Dear Journal Writer,
I’ve seen you scrawling.
I’ve seen you furiously scribbling away.
I’ve seen you fill reams and reams of sheets
I’ve seen how the grip around your pen increases and decreases.
I’ve likened that experience to looking at a time-lapse video in motion…
I’ve watched as you’ve hesitated to sometimes put words to the thoughts swarming around in your head.
I’ve watched as you’ve stared into oblivion when you couldn’t put words to the thoughts swarming in your head.
I’ve watched you sit glass-eyed when you’ve been fraught with trying to understand your thoughts so you could put them down in words.
After you’ve written, I’ve noticed the elation that comes from feeling the weight lifted off your shoulders…
Sometimes, I’ve noticed the relief that comes from being able to express something for the very first time…
Occasionally, I’ve noticed the surprise that comes from catching yourself off-guard by your own revelations on paper…
But of late, you’ve stopped scribbling away. The reams are now musty and blank. The pen has been rendered an orphan.
And of late, I’ve been noticing a wistful look when you leaf through some of your previous scrawlings.
I’ve heard you mutter to yourself: “Damn! I sound so sad. There’s so much hurt and pain in here.”
I’ve begun to wonder: Are you judging yourself for expressing your inner-most world to yourself? Are you terrified of how you’ve felt? Does the angst and the hurt haunt you so much that you’ve decided to stop writing completely?
How does it feel to choke your own voice?
How does it feel to fill that void with distractions?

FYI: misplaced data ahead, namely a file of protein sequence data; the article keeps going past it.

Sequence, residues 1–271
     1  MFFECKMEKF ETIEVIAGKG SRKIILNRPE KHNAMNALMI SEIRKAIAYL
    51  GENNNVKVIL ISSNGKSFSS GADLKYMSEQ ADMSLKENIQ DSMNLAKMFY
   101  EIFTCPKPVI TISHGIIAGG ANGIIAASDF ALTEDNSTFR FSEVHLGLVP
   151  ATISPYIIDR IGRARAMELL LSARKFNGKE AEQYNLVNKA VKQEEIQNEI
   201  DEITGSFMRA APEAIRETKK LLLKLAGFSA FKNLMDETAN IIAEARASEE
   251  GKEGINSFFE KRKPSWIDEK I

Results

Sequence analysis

Does thumbing away on social media, responding to and sometimes, perhaps, even being a troll serve as an outlet for that repressed angst?
Is being pseudo-poet-philosopher on Instagram fulfilling the urge to be expressive AND authentic?
Yes, I’m judging you.
I’m judging you for not writing anymore. Not writing authentically anymore, at least.
I am judging you for not being connected with yourself anymore.
I’m judging you for abandoning me.
Journal-writing is the closest to expressive writing or self-expression some of us have ever been.
For that exact reason, in my conversations with friends as well as with folks who’ve been a part of ‘Be You For You’ workshops, a topic that comes up a lot is ‘the decline in journal writing’.
Erstwhile journal-writers have claimed to stop journaling either because:
(i) It’s felt like a repetitive process with little or no outcomes
(ii) They’ve found themselves on loop without having any breakthroughs
(iii) Sometimes penning difficult thoughts and emotions have taken a toll
I’ve been there too. And I’ve had times when I’d stopped journaling too.
However that wasn’t a solution. Writing helps us connect with our innermost worlds. And to not exploit this medium, is to do ourselves a huge disservice – this is truer if we’ve never journalled before!
To be disconnected from our thoughts, is to fail at understanding our emotions.
To not understand our emotions, is to fail at comprehending why we are reacting in a certain manner to stimuli in our external environment.
For the sake of simplification, I’ll say that expressive writing is journal-writing with nuance.
The merit of expressive writing – i.e. writing to express and not impress because your only audience is yourself – is that it is non-intrusive. We express and become acquainted with our deepest, most vulnerable selves when the nib hits the page. In other words, when we write, we begin to reconnect with our thoughts and our emotions.
Be You For You takes participants through guided activities that avoid pitfalls of finding yourself on a repetitive loop with no breakthroughs or finding yourself in the throes of emotions you suddenly feel ill-equipped to manage.
Be You For You enables participants to begin taking a step closer towards self-awareness.
Because like Robert Holden has said: Your relationship with yourself sets the tone for every other relationship you have.
Let’s work together
I’m open to both, workshop as well as content collabs. Let’s explore
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